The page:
About ChorSwang Ngin
Prof. Ngin joined the Cal State Los Angeles faculty in 1993. She has done extensive ethnographic and consulting work in China, Malaysia, Indonesia and Southern California. Her research interests include the relationship between race, ethnicity and culture as they are expressed in Asian and Asian American issues. Prof. Ngin has received grants from the National Endowment for the Humanities and the Ford Foundation to examine the connections between Asian Studies and Asian American Studies. She is also instrumental in completing a proposal for the B.A. Degree program in Asian and Asian American Studies (AAAS) at CSLA. The proposal is awaiting the approval of the Chancellor’s Office.
Using this broad-based knowledge about Asia and Asian America, and a specialization on the anthropological understanding of race, culture and ethnicity, she recently consulted on three asylum applications from Southeast Asia. Two of the women won their asylum to remain in the United States; the verdict on a third is pending.
In the community, she has been a Board Member of the Orange County Human Relations Council since 1992 and a member of the Orange County Sheriff’s Community Coalition since 1998.
Prof. Ngin serves as the Director of the Asian and Asian American Studies (AAAS) Program at CSULA. If you are interested in taking courses in Asian and Asian American Studies, please feel free to contact her.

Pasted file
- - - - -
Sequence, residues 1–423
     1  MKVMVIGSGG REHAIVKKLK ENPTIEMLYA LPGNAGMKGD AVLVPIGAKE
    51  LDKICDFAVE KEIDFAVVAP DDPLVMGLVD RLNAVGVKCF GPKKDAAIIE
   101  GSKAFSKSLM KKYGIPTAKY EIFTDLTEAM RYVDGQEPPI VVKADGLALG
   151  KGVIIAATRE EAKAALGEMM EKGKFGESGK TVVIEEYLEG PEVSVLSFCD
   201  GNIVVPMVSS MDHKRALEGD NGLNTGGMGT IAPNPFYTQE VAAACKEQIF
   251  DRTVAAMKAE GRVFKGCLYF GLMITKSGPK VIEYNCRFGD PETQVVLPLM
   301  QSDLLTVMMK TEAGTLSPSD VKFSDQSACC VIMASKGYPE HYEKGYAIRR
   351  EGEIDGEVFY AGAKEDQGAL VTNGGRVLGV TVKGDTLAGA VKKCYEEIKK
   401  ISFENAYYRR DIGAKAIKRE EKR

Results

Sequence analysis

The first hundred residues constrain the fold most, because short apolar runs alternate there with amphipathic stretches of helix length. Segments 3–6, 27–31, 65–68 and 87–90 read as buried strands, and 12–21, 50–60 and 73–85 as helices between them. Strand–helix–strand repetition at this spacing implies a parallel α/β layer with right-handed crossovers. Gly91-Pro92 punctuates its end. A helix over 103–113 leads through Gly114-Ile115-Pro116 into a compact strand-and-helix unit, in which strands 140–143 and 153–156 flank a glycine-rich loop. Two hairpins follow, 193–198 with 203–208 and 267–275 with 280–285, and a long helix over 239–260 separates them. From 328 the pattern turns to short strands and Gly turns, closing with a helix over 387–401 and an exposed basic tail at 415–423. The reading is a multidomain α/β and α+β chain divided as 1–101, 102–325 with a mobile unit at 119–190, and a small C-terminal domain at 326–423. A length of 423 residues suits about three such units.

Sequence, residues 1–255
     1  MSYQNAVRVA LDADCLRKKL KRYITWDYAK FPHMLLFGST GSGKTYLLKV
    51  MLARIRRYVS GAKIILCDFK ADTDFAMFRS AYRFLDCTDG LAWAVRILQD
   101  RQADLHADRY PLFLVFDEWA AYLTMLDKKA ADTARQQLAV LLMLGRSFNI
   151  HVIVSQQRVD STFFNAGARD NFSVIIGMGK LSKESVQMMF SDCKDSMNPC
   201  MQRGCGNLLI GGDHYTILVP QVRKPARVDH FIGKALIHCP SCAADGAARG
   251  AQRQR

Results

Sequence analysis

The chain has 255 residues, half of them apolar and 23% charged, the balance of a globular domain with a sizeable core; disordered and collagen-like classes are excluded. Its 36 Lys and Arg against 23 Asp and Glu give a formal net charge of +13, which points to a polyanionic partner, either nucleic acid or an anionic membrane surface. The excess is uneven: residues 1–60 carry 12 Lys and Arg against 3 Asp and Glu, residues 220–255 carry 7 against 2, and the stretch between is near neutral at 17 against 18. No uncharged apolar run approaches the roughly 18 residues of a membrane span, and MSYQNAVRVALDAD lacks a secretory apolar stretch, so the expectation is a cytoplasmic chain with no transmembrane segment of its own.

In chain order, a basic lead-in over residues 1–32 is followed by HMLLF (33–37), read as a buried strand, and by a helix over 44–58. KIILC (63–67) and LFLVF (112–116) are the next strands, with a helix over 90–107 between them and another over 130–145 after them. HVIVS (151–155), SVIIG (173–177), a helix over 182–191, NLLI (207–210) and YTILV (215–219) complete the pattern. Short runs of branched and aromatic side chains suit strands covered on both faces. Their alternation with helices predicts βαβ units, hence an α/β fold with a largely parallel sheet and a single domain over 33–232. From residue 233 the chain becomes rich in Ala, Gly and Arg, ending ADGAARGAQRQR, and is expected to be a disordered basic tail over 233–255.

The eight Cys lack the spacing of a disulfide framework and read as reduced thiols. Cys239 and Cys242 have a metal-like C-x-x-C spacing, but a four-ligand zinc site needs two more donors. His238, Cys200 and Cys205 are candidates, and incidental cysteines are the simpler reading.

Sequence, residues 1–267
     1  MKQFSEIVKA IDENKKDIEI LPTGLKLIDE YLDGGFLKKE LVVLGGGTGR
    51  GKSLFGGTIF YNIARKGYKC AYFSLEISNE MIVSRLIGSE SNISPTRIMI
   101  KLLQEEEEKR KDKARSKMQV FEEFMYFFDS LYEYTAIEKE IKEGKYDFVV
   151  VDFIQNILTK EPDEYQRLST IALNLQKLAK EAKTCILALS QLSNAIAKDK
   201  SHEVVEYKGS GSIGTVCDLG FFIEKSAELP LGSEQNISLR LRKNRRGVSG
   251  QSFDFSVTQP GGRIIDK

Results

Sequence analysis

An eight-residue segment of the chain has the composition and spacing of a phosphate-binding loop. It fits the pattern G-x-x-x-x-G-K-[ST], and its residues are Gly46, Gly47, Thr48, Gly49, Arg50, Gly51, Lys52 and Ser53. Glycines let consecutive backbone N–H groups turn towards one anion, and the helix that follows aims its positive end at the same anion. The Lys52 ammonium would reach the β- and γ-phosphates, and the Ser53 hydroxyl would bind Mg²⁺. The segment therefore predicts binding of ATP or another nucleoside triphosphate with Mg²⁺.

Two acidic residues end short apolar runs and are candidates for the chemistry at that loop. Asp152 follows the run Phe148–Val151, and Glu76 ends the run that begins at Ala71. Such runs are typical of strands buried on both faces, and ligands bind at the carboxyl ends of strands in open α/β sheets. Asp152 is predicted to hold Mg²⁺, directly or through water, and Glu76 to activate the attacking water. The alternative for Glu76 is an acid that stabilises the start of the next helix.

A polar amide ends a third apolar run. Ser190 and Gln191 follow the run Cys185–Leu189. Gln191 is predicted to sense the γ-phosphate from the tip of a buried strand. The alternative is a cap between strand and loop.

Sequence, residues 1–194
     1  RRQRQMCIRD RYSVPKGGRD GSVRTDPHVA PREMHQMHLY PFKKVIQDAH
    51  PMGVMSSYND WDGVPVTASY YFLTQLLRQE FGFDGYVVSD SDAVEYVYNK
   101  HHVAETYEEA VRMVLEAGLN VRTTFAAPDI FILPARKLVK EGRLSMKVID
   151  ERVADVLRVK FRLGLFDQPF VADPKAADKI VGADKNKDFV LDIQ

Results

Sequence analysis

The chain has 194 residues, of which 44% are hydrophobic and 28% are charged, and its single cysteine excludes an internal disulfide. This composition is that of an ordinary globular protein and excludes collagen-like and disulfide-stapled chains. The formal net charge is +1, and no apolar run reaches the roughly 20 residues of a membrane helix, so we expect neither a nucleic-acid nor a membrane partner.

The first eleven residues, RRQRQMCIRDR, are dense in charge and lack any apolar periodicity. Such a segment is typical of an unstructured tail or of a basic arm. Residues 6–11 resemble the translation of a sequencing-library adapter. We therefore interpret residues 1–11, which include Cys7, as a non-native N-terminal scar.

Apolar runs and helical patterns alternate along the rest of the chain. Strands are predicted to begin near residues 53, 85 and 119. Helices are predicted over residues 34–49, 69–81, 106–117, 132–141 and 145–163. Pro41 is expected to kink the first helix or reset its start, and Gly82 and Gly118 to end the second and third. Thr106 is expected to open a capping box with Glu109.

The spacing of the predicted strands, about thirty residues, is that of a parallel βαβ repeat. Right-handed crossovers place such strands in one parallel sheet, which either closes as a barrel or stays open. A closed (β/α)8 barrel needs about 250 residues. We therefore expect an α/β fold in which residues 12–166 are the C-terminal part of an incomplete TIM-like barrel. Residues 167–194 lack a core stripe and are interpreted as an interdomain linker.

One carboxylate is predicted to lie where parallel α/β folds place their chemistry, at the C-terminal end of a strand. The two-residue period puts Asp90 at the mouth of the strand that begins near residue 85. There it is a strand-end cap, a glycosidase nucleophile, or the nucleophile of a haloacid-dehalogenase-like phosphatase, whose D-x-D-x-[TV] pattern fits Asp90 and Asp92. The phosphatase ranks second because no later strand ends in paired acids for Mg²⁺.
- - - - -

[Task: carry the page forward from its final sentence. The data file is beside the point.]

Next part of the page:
For more information on the AAAS program at Cal State LA, click here.
Special Training on World Bank Policy on Involuntary Relocation, 1989.
Ph.D. University of California, Davis, 1985
Program in Medical Anthropology at UC Berkeley and UC San Francisco, 1976
M.A. University of California, Davis, 1975
B.A. Wellesley College, Mass. 1972
Professor Ngin has taught a variety of courses, but specializes in those that address the connection with the Asia – People, Culture of Asia (AAAS 200), Peoples of Asia (ANTH 414), and will be teaching the proposed Asian American Community in Southern California (ANTH 418). Professor Ngin also teaches Introduction to Cultural Anthropology (ANTH 250), Ethnographic Methods and Techniques (ANTH 480) and Maturity and Aging in Cross-Cultural Perspectives (ANTH 335).
Her primary teaching goal is to provide a critical cross-cultural, transnational, and theoretical background for students seeking an understanding of their communities as well as those preparing to further their academic degrees. This includes Service Learning experience in the communities (ANTH 335 and ANTH 418), organizing visits to local ethnic institutions (Hsi Lai Temple and San Gabriel Islamic Center) with Prof. Baker-Cristalis, and students’ ability to write and communicate clearly.
Further information on my research, publications, presentations, teaching, outreach, grants, awards and media can be found from the respective pages on this website.